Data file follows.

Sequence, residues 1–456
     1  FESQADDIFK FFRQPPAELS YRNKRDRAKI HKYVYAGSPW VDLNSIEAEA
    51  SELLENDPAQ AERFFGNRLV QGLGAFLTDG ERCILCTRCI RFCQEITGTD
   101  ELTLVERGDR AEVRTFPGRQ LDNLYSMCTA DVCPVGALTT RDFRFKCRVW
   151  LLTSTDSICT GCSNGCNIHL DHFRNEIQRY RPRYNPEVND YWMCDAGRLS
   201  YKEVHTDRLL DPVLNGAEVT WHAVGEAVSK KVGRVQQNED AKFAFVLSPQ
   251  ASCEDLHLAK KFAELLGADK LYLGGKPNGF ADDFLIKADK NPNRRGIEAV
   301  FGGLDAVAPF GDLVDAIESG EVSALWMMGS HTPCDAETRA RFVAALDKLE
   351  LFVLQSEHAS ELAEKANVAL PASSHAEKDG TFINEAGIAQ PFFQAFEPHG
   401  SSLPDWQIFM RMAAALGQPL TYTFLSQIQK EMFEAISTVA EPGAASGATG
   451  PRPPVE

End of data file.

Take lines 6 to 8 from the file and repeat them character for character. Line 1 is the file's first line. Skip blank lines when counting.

   201  YKEVHTDRLL DPVLNGAEVT WHAVGEAVSK KVGRVQQNED AKFAFVLSPQ
   251  ASCEDLHLAK KFAELLGADK LYLGGKPNGF ADDFLIKADK NPNRRGIEAV
   301  FGGLDAVAPF GDLVDAIESG EVSALWMMGS HTPCDAETRA RFVAALDKLE